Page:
"International transfer pricing might not win any awards
for Sexy Topic of the Year..."
International transfer pricing might not win any awards for Sexy Topic of the Year, but it’s what’s at the heart of the debate around low corporate tax payments by the likes of Starbucks, Amazon, and Google.
To explain why, consider Mr Potato Head:
Let’s say Mr Potato Head is owned by Toy Corp, USA (for the avoidance of doubt — we’re making this up for the purposes of this example). Additionally assume that he’s assembled on US soil with locally sourced parts. He’s exclusively sold to the domestic market.
In such a simple scenario, all of the revenues and costs of Toy Corp would arise within US borders and the Internal Revenue Service would no doubt receive its fair share of tax.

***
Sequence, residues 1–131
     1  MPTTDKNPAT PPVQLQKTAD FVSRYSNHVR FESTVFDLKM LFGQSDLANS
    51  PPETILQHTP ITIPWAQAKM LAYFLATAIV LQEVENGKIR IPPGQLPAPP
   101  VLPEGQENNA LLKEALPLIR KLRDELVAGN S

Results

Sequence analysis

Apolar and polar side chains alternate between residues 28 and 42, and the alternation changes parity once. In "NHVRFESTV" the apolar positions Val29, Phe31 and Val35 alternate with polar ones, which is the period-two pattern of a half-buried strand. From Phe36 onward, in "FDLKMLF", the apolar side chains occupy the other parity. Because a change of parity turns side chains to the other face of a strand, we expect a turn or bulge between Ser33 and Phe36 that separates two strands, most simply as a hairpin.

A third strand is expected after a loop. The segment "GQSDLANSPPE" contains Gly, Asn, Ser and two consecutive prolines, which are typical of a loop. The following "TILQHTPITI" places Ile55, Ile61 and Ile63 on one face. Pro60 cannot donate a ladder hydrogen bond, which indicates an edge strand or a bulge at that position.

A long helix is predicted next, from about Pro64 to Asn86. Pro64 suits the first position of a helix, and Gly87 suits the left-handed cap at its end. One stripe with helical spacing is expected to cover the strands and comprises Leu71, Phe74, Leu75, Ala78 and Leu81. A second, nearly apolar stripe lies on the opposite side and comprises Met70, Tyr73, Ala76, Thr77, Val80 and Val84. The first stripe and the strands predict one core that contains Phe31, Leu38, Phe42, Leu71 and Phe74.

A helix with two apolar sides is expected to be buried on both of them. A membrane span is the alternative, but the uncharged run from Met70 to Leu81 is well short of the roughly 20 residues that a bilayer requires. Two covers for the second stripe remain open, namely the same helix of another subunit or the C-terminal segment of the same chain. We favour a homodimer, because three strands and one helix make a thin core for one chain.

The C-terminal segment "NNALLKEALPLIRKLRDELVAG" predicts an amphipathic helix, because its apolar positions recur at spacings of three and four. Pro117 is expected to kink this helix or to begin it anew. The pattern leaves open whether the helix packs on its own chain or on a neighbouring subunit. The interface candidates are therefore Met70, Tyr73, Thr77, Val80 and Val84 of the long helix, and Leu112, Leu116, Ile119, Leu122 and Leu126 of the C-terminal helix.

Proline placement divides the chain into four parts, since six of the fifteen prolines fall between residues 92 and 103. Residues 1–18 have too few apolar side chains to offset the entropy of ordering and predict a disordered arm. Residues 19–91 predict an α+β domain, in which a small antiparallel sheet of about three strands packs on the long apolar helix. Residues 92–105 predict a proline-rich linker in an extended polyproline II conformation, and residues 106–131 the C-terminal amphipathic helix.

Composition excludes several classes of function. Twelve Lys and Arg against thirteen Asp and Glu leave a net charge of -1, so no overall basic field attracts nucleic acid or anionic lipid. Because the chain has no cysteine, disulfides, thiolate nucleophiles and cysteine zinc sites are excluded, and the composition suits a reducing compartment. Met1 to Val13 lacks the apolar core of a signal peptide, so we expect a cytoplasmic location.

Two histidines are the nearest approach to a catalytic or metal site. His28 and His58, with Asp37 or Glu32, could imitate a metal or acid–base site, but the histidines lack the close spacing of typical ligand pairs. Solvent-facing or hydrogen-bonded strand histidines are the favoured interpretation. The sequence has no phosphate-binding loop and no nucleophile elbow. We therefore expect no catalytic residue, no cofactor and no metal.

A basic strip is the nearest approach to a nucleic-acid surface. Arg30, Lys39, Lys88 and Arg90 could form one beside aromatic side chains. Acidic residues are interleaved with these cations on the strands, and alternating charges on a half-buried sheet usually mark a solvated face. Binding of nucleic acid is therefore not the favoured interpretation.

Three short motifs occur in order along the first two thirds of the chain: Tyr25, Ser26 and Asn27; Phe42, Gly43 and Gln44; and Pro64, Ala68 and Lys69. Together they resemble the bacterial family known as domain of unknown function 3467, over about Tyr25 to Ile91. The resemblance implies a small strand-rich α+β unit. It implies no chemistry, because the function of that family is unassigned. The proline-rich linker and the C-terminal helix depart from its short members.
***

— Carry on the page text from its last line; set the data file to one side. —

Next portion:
Let’s take over the world
Things can quickly get complicated when Toy Corp launches foreign operations.
Say Toy Corp wants to branch out to the European market. To assist this, the company opens a subsidiary in the UK.
Now imagine that most of the world’s plastic nose trading occurs in Switzerland. After being purchased by Toy Corp’s Swiss employees, the raw noses are shipped to the Netherlands for painting.
Also worth mentioning — the blueprints for manufacturing Mr Potato Head (potato body plus parts) are ‘owned’ by another Toy Corp company. That one is in the Cayman Islands....MUCH MORE